KANSAS CITY, Mo. — Good Wednesday everyone… on a smoky start to the day in the area. Yesterday, I was looking at the sky (as I often do) and remarked that I didn’t remember seeing so much smoke in the air in the 25+ years since I’ve been in Kansas City. It was pretty impressive in the afternoon seeing in it on the satellite and watching it rotate into the region and then looking outside.
The smoke is still there, and you really notice it at sunrise and sunset times.
The slow warming will continue with temperatures approaching 90 for the next couple of days and then getting into the 90s over the weekend. There may be some scattered showers/storms around on Sunday and perhaps Monday (slightly better chance) to knock down the heat somewhat. After that though, the heat comes back and gets stronger heading into the end of next week.
Today: Hazy sunshine and seasonable. Highs in the upper 80s.
Tonight: Fair skies and mild with lows near 70°.
Tomorrow: Mostly sunny and seasonable with highs around 90°. Breezy as well.
Friday: A bit warmer with highs in the lower 90s.
This was from yesterday afternoon…
And this morning…
So there is the reason it’s so hazy looking. I haven’t smelled any of the smoke, so it is still well above us, but it is descending towards the ground in the eastern US.
This was New York yesterday…
Back home into Kansas City, this is what the city looks like on a clear and clear air day…
This is what it looks like now…
No doubt a big difference out there.
You can see the expanse of all the smoke moving around North America on the model guidance for later this afternoon.
All this smoke is coming out of Canada and the western U.S.
As of yesterday…
Wildfire activity continues in 13 states where 83 large fires have burned 1,293,636 acres. More than 19,300 wildland firefighters and support personnel are assigned to incidents. Type 1 and Type 2 incident management teams are assigned to 35 large fires and complexes via the Fire Center.
You can see all the fires that are going out there, with the gray shading representing the smoke, you can see how much of the country is seeing smoke.
So far 2.6 million acres have gone up in smoke this year from over 35,000 fires. That is about the size of Delaware and Rhode Island COMBINED.
To give you another perspective, the Interstate 435 Loop encompasses some 250,000 acres of land.
The fires have burned through 2.6 million(!) acres of land. That’s about 10 time more land that within the I-435 loop and look at all the smoke.
Another perspective: Our viewing area is roughly 13 million acres, from the Iowa border to southern Henry County to west of Garnett and Ottawa to up to far northeast Kansas. So all these fires this year have encompassed roughly and area the size of 20% of our viewing region.
The wafts of smoke may eventually get over to Greenland and then Europe. The Canadian fires are also a HUGE contributor to all this as well. 500,000 acres have burned in Canada so far. They’ve had more fires than their 10-year average this year but interestingly they seen less acres burn compared to their 10-year average (so far).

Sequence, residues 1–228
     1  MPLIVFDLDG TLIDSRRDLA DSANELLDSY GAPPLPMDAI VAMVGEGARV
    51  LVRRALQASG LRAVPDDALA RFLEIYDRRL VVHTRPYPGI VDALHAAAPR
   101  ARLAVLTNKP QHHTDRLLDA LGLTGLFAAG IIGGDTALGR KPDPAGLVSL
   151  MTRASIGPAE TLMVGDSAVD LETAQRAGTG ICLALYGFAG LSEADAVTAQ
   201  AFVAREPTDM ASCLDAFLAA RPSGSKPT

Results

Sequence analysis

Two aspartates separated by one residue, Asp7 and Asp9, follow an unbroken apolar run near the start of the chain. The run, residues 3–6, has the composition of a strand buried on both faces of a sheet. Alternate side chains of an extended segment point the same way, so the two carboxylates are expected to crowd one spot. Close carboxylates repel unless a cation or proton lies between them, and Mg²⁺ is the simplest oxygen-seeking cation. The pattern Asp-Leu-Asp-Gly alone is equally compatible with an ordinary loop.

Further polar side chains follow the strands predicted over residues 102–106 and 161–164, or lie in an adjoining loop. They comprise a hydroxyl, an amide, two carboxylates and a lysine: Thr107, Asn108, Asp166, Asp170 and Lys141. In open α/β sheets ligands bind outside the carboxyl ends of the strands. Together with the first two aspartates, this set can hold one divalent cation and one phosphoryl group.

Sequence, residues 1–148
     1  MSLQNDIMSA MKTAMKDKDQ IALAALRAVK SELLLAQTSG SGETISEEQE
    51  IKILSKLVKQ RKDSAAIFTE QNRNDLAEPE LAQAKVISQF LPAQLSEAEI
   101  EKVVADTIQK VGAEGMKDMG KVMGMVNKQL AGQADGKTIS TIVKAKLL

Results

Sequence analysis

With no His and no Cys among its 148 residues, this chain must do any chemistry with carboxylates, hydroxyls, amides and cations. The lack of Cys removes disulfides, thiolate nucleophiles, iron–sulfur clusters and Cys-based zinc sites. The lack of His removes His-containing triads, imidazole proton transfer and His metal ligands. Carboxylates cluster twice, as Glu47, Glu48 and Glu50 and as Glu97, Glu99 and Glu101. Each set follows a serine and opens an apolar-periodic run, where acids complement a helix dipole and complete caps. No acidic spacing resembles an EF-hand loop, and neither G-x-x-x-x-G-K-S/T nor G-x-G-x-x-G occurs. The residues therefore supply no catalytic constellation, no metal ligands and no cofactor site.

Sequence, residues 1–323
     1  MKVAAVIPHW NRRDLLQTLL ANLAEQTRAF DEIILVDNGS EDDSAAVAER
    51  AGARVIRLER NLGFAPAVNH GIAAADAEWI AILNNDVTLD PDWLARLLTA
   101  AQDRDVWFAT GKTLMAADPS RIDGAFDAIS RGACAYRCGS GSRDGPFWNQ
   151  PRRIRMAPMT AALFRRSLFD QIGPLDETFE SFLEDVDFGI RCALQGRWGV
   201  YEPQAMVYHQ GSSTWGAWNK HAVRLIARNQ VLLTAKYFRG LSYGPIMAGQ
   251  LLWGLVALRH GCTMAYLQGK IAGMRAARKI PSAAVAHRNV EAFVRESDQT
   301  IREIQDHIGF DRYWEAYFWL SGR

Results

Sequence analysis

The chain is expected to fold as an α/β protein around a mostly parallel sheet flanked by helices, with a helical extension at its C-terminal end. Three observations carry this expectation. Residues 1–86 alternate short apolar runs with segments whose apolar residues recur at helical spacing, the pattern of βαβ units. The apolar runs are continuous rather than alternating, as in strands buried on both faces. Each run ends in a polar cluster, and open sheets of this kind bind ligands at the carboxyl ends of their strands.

So now you know more than you want to about all the smoke in the skies!
Onwards. Building heat.
Nothing out of the norm really, we’re into the hottest time of the year and we’re adding a few degrees here and there over the coming days, eventually well into the low-to-mid-90s for the weekend with heat indices closing in on 100-105°.
There may be some relief though before the bubble of more intense heat moves in starting a week from today or tomorrow. There are continued signs, as I mentioned yesterday about at least some vague rain chances showing up on Sunday, and especially Monday of next week. This may knock down the temperatures and give at least some areas some needed moisture. Obviously we’ll have to see how this plays out, but at least the chance is showing up.
This will be connected to a weak boundary that may migrate far enough south into the heat and high dew points to generate storms. There may also be some mid-upper air disturbances helping the cause, and with dew points in the 70-75° range potentially (especially if there is a front around where the moisture can pool along/ahead of the front) then we could get some good rain-makers. Add in a few outflow boundaries and there may be some decent coverage.
Again five days out, but increasing chances.
Then after that, the heat builds in big time as we see a big dome of higher pressure aloft move into the region. This is a typical heat wave generator for the area with higher heat and dew points. This may start a week from today and go into NEXT weekend. We may approach or exceed 100° with this, but a lot will depend on how much the soil bakes out and that may be determined by the rain situation on Monday.
So a lot and a little happening out there at the same time.
The feature photo comes from Michael Legel showing us the almost full moon and the reddish tinge connected to the wildfire smoke.